Recently I have come to learn that Jeff Bezos is heavily focused on the outcome of everything that he does as outlined by J.R MacGregor in ‘The Force Behind the Brand’. It is clear that he has a deep understanding of the importance of this reward system when forming new habits. 

Another tip from Duhigg that is worth noting when forming new habits is to ensure that you do not use all of your willpower on habits that are useless to your passion and life-purpose. He explains that this is because willpower replicates the strength of a muscle therefore it is not unconditional. So if you waste the first half of your day repeating habits such as replying to pointless emails for the sake of it, reading books you have no interest in just to complete the habit of reading a book a day, taking the stairs instead of the elevator when you have no fitness goals in mind etc then your amount of willpower will be maxed out by the time you get home to work on your passion-fueled side business. This is not to say that you cannot still complete the tasks upon arriving home however it might mean that you feel overly exhausted and as if every task is tedious. 

Wit et al., (2018) highlights in ‘Shifting The balance Between Goals and Habits’ that there have been various failed attempts at trying to overtrain test subjects to form new habits, ultimately resulting in them forming even less new habits than the average person who is not practicing excessive repetition. Therefore it can be concluded that another tip to form long lasting habits is not to push yourself too hard too soon as this will end up being counter-productive.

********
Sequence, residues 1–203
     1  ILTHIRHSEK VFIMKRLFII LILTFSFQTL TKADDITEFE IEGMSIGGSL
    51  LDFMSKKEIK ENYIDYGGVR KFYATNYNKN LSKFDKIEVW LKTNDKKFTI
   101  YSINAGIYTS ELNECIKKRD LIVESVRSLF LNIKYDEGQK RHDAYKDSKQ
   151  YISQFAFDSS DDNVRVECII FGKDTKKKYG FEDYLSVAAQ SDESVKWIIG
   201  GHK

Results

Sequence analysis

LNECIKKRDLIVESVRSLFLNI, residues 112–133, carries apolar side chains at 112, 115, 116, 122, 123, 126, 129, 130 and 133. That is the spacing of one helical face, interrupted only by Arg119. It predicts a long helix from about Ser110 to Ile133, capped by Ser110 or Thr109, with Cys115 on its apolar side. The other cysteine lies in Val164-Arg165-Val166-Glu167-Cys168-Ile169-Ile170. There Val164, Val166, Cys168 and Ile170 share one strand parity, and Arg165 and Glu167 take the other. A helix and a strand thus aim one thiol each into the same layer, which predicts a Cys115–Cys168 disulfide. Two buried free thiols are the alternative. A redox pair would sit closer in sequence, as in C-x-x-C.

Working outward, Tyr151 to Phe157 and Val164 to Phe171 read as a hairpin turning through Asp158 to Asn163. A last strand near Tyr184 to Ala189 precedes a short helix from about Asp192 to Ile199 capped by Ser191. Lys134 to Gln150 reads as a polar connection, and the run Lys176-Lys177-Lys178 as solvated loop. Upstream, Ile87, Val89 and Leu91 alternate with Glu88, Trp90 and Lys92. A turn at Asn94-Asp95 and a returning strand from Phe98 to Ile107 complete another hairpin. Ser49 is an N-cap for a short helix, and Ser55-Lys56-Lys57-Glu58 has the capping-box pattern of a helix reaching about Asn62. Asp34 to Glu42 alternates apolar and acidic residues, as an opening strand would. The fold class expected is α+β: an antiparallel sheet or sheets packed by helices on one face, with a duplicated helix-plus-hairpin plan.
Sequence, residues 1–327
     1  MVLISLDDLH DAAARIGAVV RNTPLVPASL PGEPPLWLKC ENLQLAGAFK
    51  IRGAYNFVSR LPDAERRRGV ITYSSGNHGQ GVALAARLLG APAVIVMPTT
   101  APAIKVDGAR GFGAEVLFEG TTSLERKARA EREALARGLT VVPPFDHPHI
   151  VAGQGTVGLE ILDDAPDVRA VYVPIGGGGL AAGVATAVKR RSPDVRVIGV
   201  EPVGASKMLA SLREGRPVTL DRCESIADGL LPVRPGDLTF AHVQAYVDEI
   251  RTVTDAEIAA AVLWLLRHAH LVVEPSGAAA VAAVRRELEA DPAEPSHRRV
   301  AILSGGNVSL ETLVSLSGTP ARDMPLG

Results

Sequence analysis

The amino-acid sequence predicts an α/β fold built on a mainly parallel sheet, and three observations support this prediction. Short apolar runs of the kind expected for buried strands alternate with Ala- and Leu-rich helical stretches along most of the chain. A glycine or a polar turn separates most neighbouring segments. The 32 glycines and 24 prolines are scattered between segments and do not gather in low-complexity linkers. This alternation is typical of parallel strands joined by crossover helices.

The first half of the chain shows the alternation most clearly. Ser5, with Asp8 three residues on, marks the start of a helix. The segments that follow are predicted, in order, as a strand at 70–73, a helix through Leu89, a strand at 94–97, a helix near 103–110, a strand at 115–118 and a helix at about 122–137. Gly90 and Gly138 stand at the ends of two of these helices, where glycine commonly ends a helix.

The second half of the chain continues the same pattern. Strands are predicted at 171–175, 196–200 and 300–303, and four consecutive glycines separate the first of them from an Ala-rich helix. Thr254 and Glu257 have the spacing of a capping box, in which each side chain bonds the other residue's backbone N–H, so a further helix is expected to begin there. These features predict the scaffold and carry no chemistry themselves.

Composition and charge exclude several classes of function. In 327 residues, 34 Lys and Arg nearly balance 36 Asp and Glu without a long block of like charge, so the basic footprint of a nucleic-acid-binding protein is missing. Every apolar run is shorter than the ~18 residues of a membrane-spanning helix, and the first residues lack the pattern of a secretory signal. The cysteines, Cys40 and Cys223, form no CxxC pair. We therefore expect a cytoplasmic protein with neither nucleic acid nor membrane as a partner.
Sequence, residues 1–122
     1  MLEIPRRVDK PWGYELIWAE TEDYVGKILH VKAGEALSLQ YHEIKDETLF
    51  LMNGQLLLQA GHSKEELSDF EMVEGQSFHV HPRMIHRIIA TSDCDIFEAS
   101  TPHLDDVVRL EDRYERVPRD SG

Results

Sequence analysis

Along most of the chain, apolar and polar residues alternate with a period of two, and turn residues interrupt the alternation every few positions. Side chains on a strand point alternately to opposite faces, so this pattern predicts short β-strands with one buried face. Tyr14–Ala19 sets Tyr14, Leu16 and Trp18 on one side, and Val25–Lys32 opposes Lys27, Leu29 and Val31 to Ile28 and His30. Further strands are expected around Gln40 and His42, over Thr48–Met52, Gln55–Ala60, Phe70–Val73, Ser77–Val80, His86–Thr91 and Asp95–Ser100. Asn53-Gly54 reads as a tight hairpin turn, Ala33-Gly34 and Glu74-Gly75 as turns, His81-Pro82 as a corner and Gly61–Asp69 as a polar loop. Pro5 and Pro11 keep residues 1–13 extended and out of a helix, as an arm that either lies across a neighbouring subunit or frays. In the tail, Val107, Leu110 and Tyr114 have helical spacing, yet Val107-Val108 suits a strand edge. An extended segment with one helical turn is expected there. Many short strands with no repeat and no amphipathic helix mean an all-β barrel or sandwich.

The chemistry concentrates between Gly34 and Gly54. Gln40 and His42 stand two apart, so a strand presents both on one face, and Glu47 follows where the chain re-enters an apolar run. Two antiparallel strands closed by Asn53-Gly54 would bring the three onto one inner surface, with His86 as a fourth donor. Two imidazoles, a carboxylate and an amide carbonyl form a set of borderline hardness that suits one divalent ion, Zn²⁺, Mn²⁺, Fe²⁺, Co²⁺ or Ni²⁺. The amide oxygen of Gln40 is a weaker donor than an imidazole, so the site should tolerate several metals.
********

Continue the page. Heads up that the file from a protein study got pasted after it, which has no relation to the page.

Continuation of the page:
When deciding to swap one repeated behaviour for another new repeated behaviour, a high level of self-awareness/reflection is necessary as stated previously by Lally & Gardner (2011). A part of this would mean being aware of the intensity of your goal setting process. Mikami (2020) highlights that according to goal-setting theory it is important to stay committed to specific, challenging and attainable goals in order to increase motivation and performance. So when setting the goal to swap an old bad behaviour such as drinking soft drinks for a new better behaviour its important to be specific for instance if you are going to aim for using an alternative such as freshly made juices ensure that you know what kind of juice and other finer details. She continues on to add that individuals motivation levels change dramatically due to factors like “enjoyment, perceived progress and self-regulation” (p29). A tip that can be concluded here could be to ensure that you are journaling your progress. 

These are just some methods but there are an endless amount of tips and tricks out there that will help you form new long-lasting habits. I hope that this article was able to help you identify what tips you will take with you and implement into your new years resolution plan for 2021!